EOR (Enhanced Oil Recovery) is an enormous investment opportunity, with total global EOR recovery potential estimated to exceed 750 billion barrels of oil.
The Middle East has the greatest EOR potential with over 475 billion barrels of recoverable oil.
The U.S. DOE estimates that the U.S. has reserves of 100-160 billion barrels of stranded oil that could be recovered (equivalent to 35 years worth of crude oil imports at current levels).
Similar stranded oil extraction opportunities exist in Asia. Since the oil targeted for EOR is located in wells that have already been drilled, exploration risk is virtually eliminated. Effectively, depleted oil reserves can dramatically increase in value with EER's abundant, low-cost BBR TM process, which unlocks a large reserve of EOR producible barrels.
Crude oil production through conventional methods is only able to capture about 20-40 percent of the original oil in reservoirs. However, using EOR enables the recovery of between 60-90% of the reservoirs oil.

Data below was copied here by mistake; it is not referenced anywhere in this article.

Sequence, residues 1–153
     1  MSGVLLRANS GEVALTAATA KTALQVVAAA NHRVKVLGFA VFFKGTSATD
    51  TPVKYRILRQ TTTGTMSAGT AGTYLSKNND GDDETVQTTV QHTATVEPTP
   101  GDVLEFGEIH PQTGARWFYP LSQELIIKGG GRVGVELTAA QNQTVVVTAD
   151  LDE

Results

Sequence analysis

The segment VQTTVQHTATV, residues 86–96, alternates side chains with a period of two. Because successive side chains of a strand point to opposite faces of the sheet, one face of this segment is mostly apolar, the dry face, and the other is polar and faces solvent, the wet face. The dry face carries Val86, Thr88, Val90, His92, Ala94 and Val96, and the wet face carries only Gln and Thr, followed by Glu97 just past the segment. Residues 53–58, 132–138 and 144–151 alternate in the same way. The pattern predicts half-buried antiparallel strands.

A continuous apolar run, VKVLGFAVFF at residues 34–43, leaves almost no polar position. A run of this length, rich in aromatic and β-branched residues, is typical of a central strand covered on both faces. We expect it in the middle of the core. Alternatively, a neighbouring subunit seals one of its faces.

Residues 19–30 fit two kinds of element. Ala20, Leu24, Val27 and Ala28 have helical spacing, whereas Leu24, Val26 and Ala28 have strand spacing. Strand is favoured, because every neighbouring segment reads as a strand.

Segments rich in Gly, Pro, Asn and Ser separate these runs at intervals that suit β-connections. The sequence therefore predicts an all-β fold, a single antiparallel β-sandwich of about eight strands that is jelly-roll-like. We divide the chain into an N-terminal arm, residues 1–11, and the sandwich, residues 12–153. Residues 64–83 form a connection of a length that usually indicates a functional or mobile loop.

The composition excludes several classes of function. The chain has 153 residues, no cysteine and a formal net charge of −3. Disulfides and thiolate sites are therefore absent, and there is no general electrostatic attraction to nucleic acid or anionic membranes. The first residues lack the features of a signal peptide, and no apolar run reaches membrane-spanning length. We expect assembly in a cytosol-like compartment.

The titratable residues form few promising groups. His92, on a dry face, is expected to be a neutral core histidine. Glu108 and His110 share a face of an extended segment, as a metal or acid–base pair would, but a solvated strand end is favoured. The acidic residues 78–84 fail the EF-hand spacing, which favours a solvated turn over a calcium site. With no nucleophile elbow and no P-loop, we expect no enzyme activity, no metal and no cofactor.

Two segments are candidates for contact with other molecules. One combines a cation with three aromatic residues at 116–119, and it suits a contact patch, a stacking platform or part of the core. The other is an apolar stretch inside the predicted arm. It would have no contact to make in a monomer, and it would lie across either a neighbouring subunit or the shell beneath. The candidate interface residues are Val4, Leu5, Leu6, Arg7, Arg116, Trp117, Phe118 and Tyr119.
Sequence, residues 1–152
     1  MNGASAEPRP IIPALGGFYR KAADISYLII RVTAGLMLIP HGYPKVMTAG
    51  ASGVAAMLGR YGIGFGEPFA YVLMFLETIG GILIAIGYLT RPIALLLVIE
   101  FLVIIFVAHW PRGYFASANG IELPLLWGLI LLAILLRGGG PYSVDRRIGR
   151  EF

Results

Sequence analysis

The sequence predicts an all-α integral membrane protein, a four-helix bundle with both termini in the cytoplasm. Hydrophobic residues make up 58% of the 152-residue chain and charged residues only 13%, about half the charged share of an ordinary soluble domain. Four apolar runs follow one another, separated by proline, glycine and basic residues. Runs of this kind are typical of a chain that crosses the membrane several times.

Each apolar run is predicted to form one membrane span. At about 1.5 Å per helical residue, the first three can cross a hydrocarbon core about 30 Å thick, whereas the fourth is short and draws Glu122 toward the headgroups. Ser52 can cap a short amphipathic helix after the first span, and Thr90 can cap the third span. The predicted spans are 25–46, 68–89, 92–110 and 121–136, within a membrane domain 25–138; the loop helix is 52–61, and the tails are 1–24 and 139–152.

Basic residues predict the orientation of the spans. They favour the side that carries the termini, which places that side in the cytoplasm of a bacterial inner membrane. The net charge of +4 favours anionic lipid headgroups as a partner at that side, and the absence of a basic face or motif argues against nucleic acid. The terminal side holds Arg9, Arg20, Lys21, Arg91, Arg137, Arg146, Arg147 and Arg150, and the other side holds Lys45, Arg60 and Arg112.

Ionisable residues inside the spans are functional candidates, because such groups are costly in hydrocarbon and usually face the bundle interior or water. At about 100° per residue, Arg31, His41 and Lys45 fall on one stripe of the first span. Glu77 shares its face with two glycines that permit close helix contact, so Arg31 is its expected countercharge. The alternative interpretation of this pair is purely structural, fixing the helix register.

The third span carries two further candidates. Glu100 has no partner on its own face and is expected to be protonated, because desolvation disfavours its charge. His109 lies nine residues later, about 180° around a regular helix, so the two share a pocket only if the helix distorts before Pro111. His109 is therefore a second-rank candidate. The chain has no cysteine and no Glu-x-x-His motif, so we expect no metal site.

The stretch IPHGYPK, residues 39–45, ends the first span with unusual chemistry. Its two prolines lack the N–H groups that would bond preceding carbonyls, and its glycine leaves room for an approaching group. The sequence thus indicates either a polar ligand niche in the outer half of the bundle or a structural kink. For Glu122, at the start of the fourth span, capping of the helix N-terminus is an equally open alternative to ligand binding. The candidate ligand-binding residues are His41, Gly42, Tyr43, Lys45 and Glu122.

The use of CO2 for commercial EOR is an established oil recovery method that began in the United States over 30 years ago. There are now over 120 registered CO2 floods worldwide. However, limited supplies of naturally occurring CO2 and high costs of CO2 production, compression and transport have, to date, limited the wide utilization of EOR. Power plants generate large streams of CO2 from combustion of fossil fuels, but the cost of post-combustion capture remains very high and the technology is not yet commercialized.
MEOR (microbial) methods such as EER's BBRTM process, can achieve the same or better results for a significant saving per barrel, making it a highly attractive alternative with almost unlimited capacity to expand it's market into a multibillion dollar industry in the future.